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Partnerships propel St. Kate’s STEM initiative to next level

L to R: Senior VP Colleen Hegranes, Center Executive Director Tony Murphy, 3M Foundation's Barbara Kaufmann and VP for External Relations Marjorie Mathison Hance.
L to R: Senior VP Colleen Hegranes, Center Executive Director Tony Murphy, 3M Foundation's Barbara Kaufmann and VP for External Relations Marjorie Mathison Hance.
Photo by Julie Michener.

The National Center for STEM Elementary Education at St. Catherine University has secured operating capital from three foundational partners— 3M Foundation, Boston Scientific and the Medtronic Foundation — to continue to transform the teaching of science, technology, engineering and mathematics at the elementary level.

3M Foundation continues STEM investment

Barbara Kaufmann, Manager of Education Giving at 3M, presented a check for a quarter of a million dollars Aug. 4, 2011 to the National Center for STEM Elementary Education at St. Catherine University. The Center was launched in August of 2010 and Tony Murphy, Ph.D., associate dean of education, was named its executive director.  Education Professor Lori Maxfield, Ph.D., was appointed associate dean. 

STEM at St. Kate's

It was 3M Foundation’s initial $240,000 multi-year grant that underwrote then-education faculty member Murphy’s 2004 proposal for an interdisciplinary STEM curriculum. Murphy’s vision to develop a STEM minor for undergraduate students has grown into a multi-faceted academic initiative.

Faculty and staff across six academic departments — education, chemistry, biology, mathematics/physics, Montessori and psychology ­— have collaborated to create a team-teaching model of STEM curricula recognized for its innovation by the Minnesota Board of Teaching.

They have created an undergraduate STEM minor (five courses), an undergraduate STEM certificate (three courses) and STEM graduate certificate programs for in-service teachers at traditional and Montessori schools.

St. Catherine University requires all elementary education majors to complete the STEM certificate for initial licensure. Graduates with the STEM certificate report that this credential has been a key factor in securing teaching positions.

The National Center for STEM Elementary Education consults and creates custom STEM training programs for in-service teachers at schools and school districts across the country and continues to partner with the U.S. government’s international environmental initiative, the Global Learning and Observations to Benefit the Environment (GLOBE) program to develop curriculum. 

Boston Scientific develops long-term STEM partnership

Boston Scientific’s initial grant of $100,000 in operating support will help the National Center for STEM Elementary Education achieve its goals to create competent and confident STEM-certified elementary teachers, which research shows is a key component in student learning. 

Boston Scientific is also partnering with the STEM Center on several other initiatives, including developing a summer research experience for a pre-service and in-service teacher team, and bringing together the STEM Center and specific elementary schools for professional development.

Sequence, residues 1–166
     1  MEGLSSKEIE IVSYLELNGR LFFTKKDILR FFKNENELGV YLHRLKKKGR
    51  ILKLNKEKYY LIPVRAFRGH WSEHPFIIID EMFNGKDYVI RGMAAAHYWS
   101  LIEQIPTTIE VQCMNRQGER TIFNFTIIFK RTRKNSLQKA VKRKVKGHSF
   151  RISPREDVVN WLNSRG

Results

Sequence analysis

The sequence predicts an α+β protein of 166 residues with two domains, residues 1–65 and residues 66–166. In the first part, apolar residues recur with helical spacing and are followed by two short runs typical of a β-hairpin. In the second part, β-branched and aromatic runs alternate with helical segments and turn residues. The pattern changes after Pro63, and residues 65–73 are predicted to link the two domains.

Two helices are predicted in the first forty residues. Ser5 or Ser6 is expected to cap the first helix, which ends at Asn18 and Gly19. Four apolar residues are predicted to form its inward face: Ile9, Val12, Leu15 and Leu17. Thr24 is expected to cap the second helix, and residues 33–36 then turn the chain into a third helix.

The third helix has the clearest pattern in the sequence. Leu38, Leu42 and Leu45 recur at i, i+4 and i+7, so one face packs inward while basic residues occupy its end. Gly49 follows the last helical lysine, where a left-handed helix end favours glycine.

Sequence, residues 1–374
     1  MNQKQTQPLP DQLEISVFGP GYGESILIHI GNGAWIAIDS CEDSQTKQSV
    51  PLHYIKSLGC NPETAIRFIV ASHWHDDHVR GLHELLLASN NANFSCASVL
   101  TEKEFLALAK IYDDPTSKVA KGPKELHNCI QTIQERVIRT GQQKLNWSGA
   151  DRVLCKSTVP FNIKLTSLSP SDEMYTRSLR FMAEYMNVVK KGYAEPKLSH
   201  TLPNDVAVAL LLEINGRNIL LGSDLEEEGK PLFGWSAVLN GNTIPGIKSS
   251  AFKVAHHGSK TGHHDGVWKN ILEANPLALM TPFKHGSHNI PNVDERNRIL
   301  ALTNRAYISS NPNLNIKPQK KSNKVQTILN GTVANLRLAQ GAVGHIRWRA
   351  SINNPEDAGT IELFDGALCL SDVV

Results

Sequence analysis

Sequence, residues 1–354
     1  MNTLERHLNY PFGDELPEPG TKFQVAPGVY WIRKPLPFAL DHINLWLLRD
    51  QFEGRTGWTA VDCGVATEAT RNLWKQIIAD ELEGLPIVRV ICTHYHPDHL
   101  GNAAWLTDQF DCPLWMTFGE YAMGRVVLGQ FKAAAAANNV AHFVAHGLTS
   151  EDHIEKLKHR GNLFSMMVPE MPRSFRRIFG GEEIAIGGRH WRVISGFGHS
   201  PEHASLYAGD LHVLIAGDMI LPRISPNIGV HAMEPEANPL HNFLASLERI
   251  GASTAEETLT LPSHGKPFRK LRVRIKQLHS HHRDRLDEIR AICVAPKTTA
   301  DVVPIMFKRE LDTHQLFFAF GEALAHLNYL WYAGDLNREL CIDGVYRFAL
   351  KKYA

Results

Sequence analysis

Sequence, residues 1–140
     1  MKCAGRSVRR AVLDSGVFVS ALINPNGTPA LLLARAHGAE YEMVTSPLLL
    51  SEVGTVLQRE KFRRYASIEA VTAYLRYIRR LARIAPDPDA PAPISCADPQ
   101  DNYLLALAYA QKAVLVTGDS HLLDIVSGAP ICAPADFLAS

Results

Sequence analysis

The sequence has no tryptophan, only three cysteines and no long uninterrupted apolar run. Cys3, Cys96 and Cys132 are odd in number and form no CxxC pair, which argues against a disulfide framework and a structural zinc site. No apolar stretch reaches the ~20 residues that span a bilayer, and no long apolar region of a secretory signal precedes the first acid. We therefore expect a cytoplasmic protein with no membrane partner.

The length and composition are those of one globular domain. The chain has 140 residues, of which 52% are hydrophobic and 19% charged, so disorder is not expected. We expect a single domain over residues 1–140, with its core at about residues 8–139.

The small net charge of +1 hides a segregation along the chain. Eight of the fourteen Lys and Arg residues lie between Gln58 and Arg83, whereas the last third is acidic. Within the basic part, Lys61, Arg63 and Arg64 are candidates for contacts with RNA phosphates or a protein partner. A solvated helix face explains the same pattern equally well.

“In order to improve competencies and aspirations in math and science, it is vital to reach students in their elementary school years,” said Marilee Grant, director of community relations at Boston Scientific. “We believe the National Center for STEM Elementary Education will help teachers spark student interest, excitement, knowledge and skills at a time that is important to their future growth and development.

“By providing the opportunity for educators to learn new skills and utilize new tools and resources, teachers will be better prepared to inspire and engage students in science, technology, engineering and math.”

Medtronic Foundation supports STEM scholars

The Medtronic Foundation has made an additional $50,000 grant to underwrite scholarships for in-service teachers to become STEM-certified by the National Center for STEM Elementary Education.

Medtronic previously provided key support to fund scholarships for St. Kate’s undergraduates to take the STEM Minor and helped the University develop the first—and only— STEM graduate certificate for Montessori teachers in the country.

The first 11 STEM-certified Montessori teachers who graduated in April came to the program from across Minnesota—from La Crescent to Owatonna to St. Paul’s J.J. Hill Public Montessori School.

“The program provides the tools to do exploration and experimentation,” said La Crescent Montessori Academy teacher Tami Holtslander. She credited the STEM certificate program and the impact it has had on students and teachers for the school receiving a $20,0000 grant from Project Lead the Way. The La Crescent school will also move to a larger building for fall 2011.

Russ Dunn-Foster, who leads a Montessori classroom inside Owatonna’s Washington Elementary School, credited the STEM certificate program for a jump in enrollment.

“I used to have to really urge parents to enroll their kids in my classroom,” he said. “This year, I have 67 registered for the 2011-12 year just by word of mouth. We’re expanding to two classrooms next year!”

More about STEM at St. Kate’s

In addition to the National Center for STEM Elementary Education, St. Kate’s has a rich history in the sciences and offers a broad range of science degrees that offer opportunities for collaborative research, self-directed learning and accomplished faculty mentors.

More information on STEM majors can be found at the University’s School of Humanities, Arts and Sciences.  

STEM Education Video 

STEM Center Video

Support from the National Science Foundation

Aug. 4, 2011 by Julie Michener

See also: Education, Leadership, STEM, Students